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Monday, July 15, 2024

IAN LADYMAN: Klopp’s legacy hangs around Slot’s neck like a weight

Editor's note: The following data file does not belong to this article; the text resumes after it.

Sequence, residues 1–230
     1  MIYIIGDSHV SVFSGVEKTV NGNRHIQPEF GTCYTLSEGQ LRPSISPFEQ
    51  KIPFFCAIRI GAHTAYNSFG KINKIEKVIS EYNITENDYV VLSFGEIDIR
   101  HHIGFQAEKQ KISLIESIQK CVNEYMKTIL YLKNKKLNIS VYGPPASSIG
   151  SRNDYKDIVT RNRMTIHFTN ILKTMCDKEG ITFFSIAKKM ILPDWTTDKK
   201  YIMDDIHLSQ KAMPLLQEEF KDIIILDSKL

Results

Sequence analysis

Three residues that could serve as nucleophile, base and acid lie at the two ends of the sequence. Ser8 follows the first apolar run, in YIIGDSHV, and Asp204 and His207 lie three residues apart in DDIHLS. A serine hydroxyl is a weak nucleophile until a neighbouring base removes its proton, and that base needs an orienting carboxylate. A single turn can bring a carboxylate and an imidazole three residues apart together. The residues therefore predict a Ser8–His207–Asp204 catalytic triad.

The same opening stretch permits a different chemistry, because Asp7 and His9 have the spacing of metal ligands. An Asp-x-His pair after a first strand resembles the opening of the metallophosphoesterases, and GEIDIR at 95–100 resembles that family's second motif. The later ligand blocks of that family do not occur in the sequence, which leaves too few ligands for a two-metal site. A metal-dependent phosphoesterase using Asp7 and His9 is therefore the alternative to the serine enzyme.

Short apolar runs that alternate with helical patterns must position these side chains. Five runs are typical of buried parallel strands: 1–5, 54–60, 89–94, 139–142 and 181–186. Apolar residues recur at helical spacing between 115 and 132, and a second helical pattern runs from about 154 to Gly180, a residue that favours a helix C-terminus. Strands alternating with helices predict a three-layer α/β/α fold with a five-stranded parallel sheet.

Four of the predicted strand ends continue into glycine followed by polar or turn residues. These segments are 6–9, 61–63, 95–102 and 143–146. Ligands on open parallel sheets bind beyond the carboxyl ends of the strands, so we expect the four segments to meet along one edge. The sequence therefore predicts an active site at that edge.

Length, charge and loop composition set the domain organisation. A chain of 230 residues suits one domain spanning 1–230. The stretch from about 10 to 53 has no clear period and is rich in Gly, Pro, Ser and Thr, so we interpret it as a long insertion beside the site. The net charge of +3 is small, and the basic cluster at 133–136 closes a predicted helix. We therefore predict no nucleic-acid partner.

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In an official club interview to mark his arrival as new Liverpool manager, Arne Slot must have referenced Jurgen Klopp more than 20 times. And so one of the most difficult transformations from one manager to another in recent English football history begins.Slot, lured from Feyenoord to replace Klopp after the German’s long tenure, is right to be respectful of his predecessor. How can he not be? Klopp was not only successful at Anfield but took his leave as gracefully and tactfully as possible.Still, the hard yards for Slot stand before him and inevitably the first few of those will be taken beneath the lengthy shadow of the man who went before. It’s hard to think of a more difficult task in the Premier League since David Moyes replaced Sir Alex Ferguson at Manchester United in 2013.Unai Emery was the first in to the position vacated by Arsene Wenger at Arsenal. But Wenger’s stardust had turned to sand long before he stepped away several years too late. At Chelsea in 2007, it cannot have been easy for Avram Grant to replace Jose Mourinho.Arne Slot (left) has an almighty job trying to follow in Jurgen Klopp’s (right) footsteps at Anfield Klopp’s years at Liverpool were transformative in terms of what he won – every single trophy available to him bar the Europa League – but also how the club and its fans viewed themselves But just as Moyes was faced with the prospect of replacing a manager who had not just won trophies but transformed the feel and image of a great institution from the bottom to the top, so Slot now sits in the chair of a man who rebuilt a football club in his own image.Those who like to sneer say too much fuss is made of Klopp and what he did at Liverpool. They say that one league title was a modest return on all those years of trying. They like to laugh at two assaults on a quadruple – in 2022 and 2024 – ended up with just domestic cups to put in the cabinet.But that’s rubbish, of course. Klopp’s years at Liverpool were transformative in terms of what he won – every single trophy available to him bar the Europa League – but also in terms of how Liverpool and its fanbase viewed themselves.And now, somehow, Slot has to take all that and move it forwards. From one perspective, it’s maybe as well that Klopp’s title challenge fell flat last season. At least it is possible in theory for Slot to improve on a third-placed finish.Indeed he spoke of that when he chatted to Liverpool’s TV channel for his introductory interview this week. Looking tanned after what he said had been a rejuvenating holiday, he said his initial aim was to beat the Liverpool total of 82 league points from last season. It’s hard to think of a more difficult task in the Premier League since David Moyes (pictured) replaced Sir Alex Ferguson at Manchester United in 2013In amongst all of that, he was asked whether he had spoken to Klopp (he has) and whether he thought there were any similarities between the two men (a few). He joked about early Saturday kick-offs so disliked by Klopp (Liverpool start next season at Ipswich at 12.30pm on the opening Saturday) and suggested he was looking forward to working on and building on all that Klopp had left behind.Deep down, Slot will know the truth of it and that is that until he wins a trophy or shows that he can field a team as thrilling as those sent out to play by his predecessor, Klopp’s legacy, image and sheer name will hang round his neck like a weight.Klopp has left Merseyside for Mallorca but at the same time has not left. He was back at Anfield just last week to watch a Taylor Swift concert and has said he will back for a game. In all likelihood, Klopp will leave that one for a while. He’s an emotionally intelligent bloke and knows full well all the fuss and hoopla that will come with that visit.Equally, it will take a while for Liverpool and their supporters – and maybe even some of its playing squad – to fully let go of a man who gave them so much.After his final home game of the 2012-13 title winning season, Ferguson stood on the field at Old Trafford and urged the home supporters to throw their support behind his replacement. He meant it, too. Moyes had been hand picked by Ferguson, after all. Slot will know that Klopp’s legacy, image and sheer name will hang round his neck like a weight It will take a while for Liverpool and their supporters – and maybe even some of their playing squad – to fully let go of a man who gave them so muchThat it didn’t work out was down to many interlocking factors. What was soon clear was that Moyes didn’t quite have the personality to impose himself on the club and indeed its players. Will Slot rise to that challenge at Anfield? It will be one of the first and most important hurdles that stand before him.He was right to talk so kindly of Klopp this week but the sooner the questions about the man who went before him stop the better. Only results in August and September will see to that.Potter’s waiting gameLeicester City have made a fine appointment in Steve Cooper. The former Nottingham Forest manager is a smart coach who improves players.I still think the same of Graham Potter, however, and note that he was also in the running for that post in the Midlands.It’s almost 15 months since Potter was cruelly sacked by Chelsea. At some point he is going to have to say yes to something.Football’s lost a gentleman in Kevin CampbellI briefly knew Kevin Campbell when he was a centre forward at Nottingham Forest and I was a reporter for the local paper.Kev and I used to go through the same ritual every day. I would stand in the car park of the City Ground and ask if he would talk to me for an interview. Every time he would say no but always with the same unbreakable politeness.He didn’t do media stuff back then after a difficult experience at Arsenal but Kev never forgot his manners or forgot how to smile and that remained the case up until he was taken from us last week at age of 54. Football has lost another good ‘un following Kevin Campbell’s passing at the age of 54The last time I saw him was at Goodison Park towards the end of last season. Nothing had changed. Still the smile and the polite enquiry: ‘Hi Ian, How are you?’.And that was Kev. He gave a stuff about people. He cared. He knew how to behave. Football has lost another good ‘un.Better late than never for VARIt took 53 seconds for VAR’s semi-automated offside system to rule out Diogo Jota’s headed goal for Portugal against Czechia. This is the system the Premier League clubs have voted to use next season after previously saying no to it. What took you so long, guys?Lessons to learn for next edition of the EurosA friend of mine is due in Berlin next weekend to spend a few days watching Euro 2024. He has a ticket for the last-16 game in Gelsenkirchen which may well feature England and I have advised him not to bother.The train journey from east to west is a long one. In all likelihood the train will be cancelled and if it’s not it is highly unlikely to run on time.The Veltins Arena is in the middle of nowhere and poorly served by public transport. After England’s opening game against Serbia, supporters waited for hours to get back to the city. Some walked. Others paid taxi fees of £150 for a 20-minute ride. Quizzed about this the next day, the local authorities said it was ‘normal’ for a big game. Travel has been a major issue during the Euros with fans struggling to get to and from gamesWell if this is normal it baffles me why anybody would wish to be part of it. So I have advised my friend to find a nice bar in Berlin and sit down and watch the game on TV.The next Euros are in the UK in four years. We have a great opportunity to do it better. Subsidised travel, reasonable hotel rates, policies and infrastructures that treat supporters as a priority and not an after-thought.So there we go. The challenge is set. We will wait and we will watch for evidence that lessons have been learned.